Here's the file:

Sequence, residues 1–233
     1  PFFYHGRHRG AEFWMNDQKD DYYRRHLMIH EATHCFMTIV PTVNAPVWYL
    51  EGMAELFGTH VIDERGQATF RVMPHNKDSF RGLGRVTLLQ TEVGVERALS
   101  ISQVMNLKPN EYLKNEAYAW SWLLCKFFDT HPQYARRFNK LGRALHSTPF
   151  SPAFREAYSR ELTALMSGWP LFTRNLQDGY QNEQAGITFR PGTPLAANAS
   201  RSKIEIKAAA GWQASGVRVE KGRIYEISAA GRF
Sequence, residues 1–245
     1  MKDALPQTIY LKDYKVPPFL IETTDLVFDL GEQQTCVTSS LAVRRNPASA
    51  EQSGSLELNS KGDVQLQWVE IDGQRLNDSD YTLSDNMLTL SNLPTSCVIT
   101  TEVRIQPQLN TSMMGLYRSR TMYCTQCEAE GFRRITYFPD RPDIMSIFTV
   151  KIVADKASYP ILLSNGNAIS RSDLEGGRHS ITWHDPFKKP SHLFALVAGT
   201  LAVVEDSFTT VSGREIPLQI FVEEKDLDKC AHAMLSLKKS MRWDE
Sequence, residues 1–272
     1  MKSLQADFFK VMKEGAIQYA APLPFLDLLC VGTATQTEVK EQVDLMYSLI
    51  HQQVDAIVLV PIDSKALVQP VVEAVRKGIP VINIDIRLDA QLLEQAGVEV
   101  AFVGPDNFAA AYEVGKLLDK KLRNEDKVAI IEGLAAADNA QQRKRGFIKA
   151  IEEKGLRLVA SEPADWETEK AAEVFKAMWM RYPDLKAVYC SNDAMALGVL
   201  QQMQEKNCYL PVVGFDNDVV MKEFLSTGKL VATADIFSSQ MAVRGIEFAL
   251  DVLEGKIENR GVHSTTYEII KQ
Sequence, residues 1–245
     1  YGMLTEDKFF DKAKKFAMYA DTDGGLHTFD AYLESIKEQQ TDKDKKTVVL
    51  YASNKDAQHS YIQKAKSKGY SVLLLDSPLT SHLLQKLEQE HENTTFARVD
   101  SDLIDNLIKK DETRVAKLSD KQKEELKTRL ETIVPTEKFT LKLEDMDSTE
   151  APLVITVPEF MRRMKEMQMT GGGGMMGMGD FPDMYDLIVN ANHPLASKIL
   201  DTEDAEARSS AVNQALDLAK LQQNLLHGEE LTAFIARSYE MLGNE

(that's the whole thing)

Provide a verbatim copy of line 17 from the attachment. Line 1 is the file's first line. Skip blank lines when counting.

   151  IEEKGLRLVA SEPADWETEK AAEVFKAMWM RYPDLKAVYC SNDAMALGVL